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Ramadi Marines on the front line against Al-Qaeda in Iraq

RAMADI, Iraq (AFP) - From the vantage point of the 17th Street security station, the grim vista of downtown Ramadi stretched out before Marine Corporal Anthony Bell in an apocalyptic expanse of bullet-riddled buildings.


by Thibauld Malterre
Tue Dec 5, 1:36 PM ET

"You have to watch for everything," said Bell of Alpha company, who at 21 is on his second tour in Iraq. "We already had different types of bombs, sniper attacks and a lot of small arms fire."

As he described his life in the shattered downtown of this urban battleground between US forces and Al-Qaeda in Iraq's restive western Al-Anbar province, a fusillade of shots rings out, followed by an explosion.

Just 150 meters (yards) away, Observation Post Firecracker was briefly attacked, with the gunfire ending almost as soon as it started and leaving the marines with no clear targets to fight back against.

"They are harassing us on a daily basis," said another marine, who likened the attacks to a kind of local propaganda campaign. "We know they're ineffective, but the people around here don't."

"We would welcome any firefight the terrorists want to engage in," he added.

Instead of one pitched battle, however, the life of the marines here is one of constant tension and sudden, brief attacks, as they try to regain control over one of Iraq's most dangerous cities.

The 1st battalion of the 6th regiment is just the latest marine unit to take on the harsh job of securing Ramadi's downtown -- a vast sea of drab low-rise pockmarked buildings, punctuated by the occasional minaret.

Earlier in the year, entire neighborhoods of the city had been effectively given up to the insurgents, who chose Ramadi as the place to declare their Islamic Caliphate back in October.

But now, thanks to outposts such as Firecracker and the 17th street station, the marines are back.

According to US military officials, the spike in casualties over the past few months in Al-Anbar province -- the scene of the lion's share of American war dead -- was because of this push back into the city.

"We used to have to fight to go to this station," recalled Captain Sean Dynan whose regular supply runs out to Alpha company keep these marines in food and equipment.

"It is still a bad part of the city. We take extra precautions when we go in, but it is in no way off limits."

The marines do foot patrols in the area, both day and night, moving in erratic zig zags across the trash-strewn streets and occasionally breaking into a short run across intersections.

For the most part, the marines have a pretty negative opinion of the marksmanship of Iraqi gunmen -- whether insurgent or soldier -- dubbing their fully automatic approach with their assault rifles "spray and pray".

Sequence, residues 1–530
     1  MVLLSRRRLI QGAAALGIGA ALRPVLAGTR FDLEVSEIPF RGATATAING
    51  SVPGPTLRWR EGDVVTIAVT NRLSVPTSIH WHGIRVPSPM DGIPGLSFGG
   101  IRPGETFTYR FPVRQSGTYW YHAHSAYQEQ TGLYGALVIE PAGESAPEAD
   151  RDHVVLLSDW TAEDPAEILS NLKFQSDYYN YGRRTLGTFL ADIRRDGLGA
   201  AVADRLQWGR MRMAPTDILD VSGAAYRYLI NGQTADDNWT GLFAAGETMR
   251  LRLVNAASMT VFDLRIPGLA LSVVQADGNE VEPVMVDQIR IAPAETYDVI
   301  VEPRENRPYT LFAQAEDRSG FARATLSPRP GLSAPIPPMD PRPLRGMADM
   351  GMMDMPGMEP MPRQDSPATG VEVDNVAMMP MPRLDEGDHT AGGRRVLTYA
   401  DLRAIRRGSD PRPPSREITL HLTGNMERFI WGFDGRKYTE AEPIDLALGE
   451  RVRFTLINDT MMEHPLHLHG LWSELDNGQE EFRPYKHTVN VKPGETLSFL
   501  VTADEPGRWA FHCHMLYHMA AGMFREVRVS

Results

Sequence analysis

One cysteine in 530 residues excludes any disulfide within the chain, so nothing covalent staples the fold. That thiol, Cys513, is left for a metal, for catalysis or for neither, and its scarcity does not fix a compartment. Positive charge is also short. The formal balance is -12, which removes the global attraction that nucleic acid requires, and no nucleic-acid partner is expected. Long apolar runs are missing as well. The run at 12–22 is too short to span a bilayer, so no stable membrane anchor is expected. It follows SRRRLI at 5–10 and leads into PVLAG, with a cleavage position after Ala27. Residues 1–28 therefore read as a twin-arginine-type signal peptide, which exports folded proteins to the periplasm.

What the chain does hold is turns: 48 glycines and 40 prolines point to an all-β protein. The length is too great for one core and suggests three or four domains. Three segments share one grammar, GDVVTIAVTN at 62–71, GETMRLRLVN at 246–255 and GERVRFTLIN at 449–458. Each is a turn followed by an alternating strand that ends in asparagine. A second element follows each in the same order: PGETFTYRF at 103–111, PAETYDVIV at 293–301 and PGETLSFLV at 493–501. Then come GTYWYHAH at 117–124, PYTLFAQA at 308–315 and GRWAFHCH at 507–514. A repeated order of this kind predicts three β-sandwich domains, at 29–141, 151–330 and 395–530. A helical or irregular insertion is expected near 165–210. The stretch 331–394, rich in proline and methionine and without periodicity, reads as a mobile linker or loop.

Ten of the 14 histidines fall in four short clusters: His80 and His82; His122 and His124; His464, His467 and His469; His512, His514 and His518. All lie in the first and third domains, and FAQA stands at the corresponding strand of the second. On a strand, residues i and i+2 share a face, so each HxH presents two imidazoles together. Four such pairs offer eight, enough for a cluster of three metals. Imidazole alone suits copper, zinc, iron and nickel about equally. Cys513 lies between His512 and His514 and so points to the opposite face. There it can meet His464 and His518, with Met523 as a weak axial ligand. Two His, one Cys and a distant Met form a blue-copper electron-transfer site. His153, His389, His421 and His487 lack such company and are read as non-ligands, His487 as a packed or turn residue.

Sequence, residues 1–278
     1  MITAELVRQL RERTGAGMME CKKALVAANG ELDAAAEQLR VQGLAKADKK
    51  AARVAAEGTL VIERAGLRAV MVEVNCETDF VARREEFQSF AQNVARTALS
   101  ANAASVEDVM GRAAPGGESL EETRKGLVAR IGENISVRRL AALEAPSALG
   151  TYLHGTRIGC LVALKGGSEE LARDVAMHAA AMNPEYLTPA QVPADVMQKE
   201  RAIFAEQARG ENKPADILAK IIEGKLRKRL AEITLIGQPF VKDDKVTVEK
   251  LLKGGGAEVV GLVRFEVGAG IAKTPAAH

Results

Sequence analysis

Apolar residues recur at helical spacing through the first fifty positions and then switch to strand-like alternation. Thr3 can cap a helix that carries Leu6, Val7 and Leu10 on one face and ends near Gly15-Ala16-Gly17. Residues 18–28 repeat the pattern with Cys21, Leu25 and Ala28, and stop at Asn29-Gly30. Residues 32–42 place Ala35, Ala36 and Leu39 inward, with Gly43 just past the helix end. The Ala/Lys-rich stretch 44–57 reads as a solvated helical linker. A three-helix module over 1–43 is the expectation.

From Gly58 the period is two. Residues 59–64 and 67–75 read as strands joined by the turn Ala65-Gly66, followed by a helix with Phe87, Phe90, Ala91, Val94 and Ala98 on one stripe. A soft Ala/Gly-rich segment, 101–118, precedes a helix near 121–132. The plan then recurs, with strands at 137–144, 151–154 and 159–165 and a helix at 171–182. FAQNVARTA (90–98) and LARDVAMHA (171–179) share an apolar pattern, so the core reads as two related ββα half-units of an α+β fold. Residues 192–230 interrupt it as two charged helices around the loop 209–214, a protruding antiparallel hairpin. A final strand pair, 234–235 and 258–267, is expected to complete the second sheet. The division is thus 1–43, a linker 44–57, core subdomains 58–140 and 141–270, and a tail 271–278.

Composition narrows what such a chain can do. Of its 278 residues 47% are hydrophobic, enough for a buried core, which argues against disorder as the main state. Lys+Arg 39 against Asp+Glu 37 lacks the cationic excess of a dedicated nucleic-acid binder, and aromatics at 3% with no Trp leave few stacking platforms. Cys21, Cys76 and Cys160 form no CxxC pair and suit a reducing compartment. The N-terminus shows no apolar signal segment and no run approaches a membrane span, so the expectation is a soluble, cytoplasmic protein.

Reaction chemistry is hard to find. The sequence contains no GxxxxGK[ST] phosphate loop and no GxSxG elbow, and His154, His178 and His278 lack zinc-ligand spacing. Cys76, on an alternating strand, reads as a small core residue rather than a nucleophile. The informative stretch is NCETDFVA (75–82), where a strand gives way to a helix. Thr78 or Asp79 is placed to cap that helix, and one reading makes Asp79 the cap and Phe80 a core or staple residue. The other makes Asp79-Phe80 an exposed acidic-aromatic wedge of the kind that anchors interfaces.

But it is the insurgents' small but elite bands of snipers, many of whom, rumor has it, are from outside Iraq, that keep the marines shifting from foot to foot in an effort to reduce their vulnerability to these hidden shooters.

"Make it difficult to be a target, don't stay long on the road, and go to see people inside their houses," Lieutenant Jared Towles told his men before the patrol.

"I told them that not everybody's bad, even if it is sometimes hard to remember that because insurgents are part of the population, but a lot of families live in the area," added the 25-year-old officer.

The men prefer to make their patrols after dark, when their night vision goggles give them a tactical advantage and their only companions are the packs of feral dogs that roam the deserted streets of the city.

As difficult as it seems in a such a complicated battlefield, the marines said they go out of their way to avoid civilian casualties -- not always easy when the attacks are sudden and seemingly come from nowhere.

"When we're on patrol, people will come up to us and say 'I've had enough' and we tell them, 'it's you who can stop it, send your sons to the police,'" said Alpha company commander Captain Kyle Sloan.

"I ask my marines to be very careful at what you shoot at. We only shoot when we know we're gonna kill or wound an insurgent. People have seen that, and now children are playing football nearby," he said.

Other units are not always so careful. Last Tuesday, army soldiers in the northeast of the city fired tank rounds into a building from which insurgents were shooting at them and killed five Iraqi girls, including an infant.

Five minutes' drive from Firecracker is a defunct school for disabled children that has been turned into a station for the city's fledgling police force, which will one day have to take over security duties from the marines.

In a firefight not far from the station a few months ago, several civilians were wounded in the crossfire and taken by the marines to their base hospital -- producing a marked change in the local attitude towards them.

"We treated civilian casualties back in September, and after we started doing that they stopped firing at us for a month-and-a-half," said Dynan.

In recent weeks, though, the shooting has started once again.